If you have ever owned a computer or even ever used a computer, the odds were pretty high that at one point you used a Compaq computer. The company has been around since 1982 and its computers are in every state and every country around the world, and were prized for their excellent craftsmanship, durability, and ease of use. However, if you have ever used a Compaq, you probably never stopped to think how the company came about and what changes it has gone through in the years since the company was created. We have outlined a little of Compaq’s history over the years, and if you would like to know even more about the history of Compaq, the internet can provide you with a wealth of material on this subject.
Known formally as Compaq Computer Corporation, Compaq was an American personal computer company. Once independent, it is now one of the brand names of Hewlett-Packard. Compaq Computer Corporation was formed by Jim Harris, Bill Murto and Rod Canion, who were all former senior managers for Texas Instruments. The name itself was derived from the phrase “compatibility and quality” which is what the creators were striving to achieve. Luckily, it was easily achieved and some of the first IBM PC compatible personal computers were produced by Compaq.
At one time, Compaq was the largest supplier of personal computer systems in the entire world, and they existed as a completely independent entity until the merger with Hewlett-Packard in 2002. Prior to that merger, the company had its headquarters based in northwest unincorporated Harris County in Texas. This merger had many who opposed it including William Hewlett, who was one of the largest HP shareholders. It was approved by one of the narrowest margins ever, and the merger was plagued by allegations of fraud and vote buying, caused by an alleged back room, last second deal with Deutsche Bank. Later, it was disclosed that Deutsche Bank’s investment banking division had been retained by Hewlett Packard in order to assist in the merger. It was agreed that HP would guarantee $1 million to Deutsche bank, and then another $1 million if the merger was successful. As a result of this, Deutsche Bank was charged with failing to disclose a material conflict of interest, involving its client voting proxies for this merger. The United States Securities and Exchange Commission imposed a civil penalty of $750 thousand and the bank paid it without admitting or denying guilt.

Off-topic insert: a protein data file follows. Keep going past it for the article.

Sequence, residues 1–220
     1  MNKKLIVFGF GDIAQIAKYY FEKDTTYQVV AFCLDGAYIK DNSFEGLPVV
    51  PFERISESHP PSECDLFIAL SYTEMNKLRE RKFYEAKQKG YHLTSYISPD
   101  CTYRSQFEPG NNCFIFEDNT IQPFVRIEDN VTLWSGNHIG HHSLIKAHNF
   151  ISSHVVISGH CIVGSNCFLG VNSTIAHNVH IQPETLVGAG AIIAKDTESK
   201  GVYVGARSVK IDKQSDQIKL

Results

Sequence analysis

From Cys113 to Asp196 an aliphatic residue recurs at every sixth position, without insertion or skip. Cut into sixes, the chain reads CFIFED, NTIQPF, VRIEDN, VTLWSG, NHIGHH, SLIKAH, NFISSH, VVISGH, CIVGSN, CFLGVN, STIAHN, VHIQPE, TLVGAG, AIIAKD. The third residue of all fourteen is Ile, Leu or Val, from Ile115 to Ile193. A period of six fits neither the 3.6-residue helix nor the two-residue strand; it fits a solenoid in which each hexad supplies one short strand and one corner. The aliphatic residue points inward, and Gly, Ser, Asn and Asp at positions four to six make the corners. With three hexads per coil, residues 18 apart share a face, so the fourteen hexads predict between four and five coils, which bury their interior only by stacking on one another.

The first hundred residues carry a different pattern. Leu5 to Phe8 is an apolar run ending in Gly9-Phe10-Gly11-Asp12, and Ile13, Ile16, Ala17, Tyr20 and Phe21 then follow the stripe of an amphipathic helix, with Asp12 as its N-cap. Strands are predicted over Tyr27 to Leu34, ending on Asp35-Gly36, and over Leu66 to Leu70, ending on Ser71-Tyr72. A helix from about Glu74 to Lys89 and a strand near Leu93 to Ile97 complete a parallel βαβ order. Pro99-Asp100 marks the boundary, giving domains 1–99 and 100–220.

After the merger, Carly Fiorina, who was already the Chairman and CEO of Hewlett-Packard, added the responsibilities of the former president to her own. During the 3 years that Fiorina was at the helm, the company was forced to lay off thousands of former Compaq employees as its stock price continued to decline and sales did not spring back. Even though the merger initially made Hewlett-Packard the number one personal computer manufacturer, these problems soon caused it to fall behind Dell as number one.
In 2005 however, the company was under new leadership, as Mark Hurd became CEO, and confidence was restored as Dell shares and sales saw a downturn. HP soon took the #1 sales position back, and the PC segment of HP has been completely reinvigorated, generating more revenue than many other traditionally more profitable manufacturers.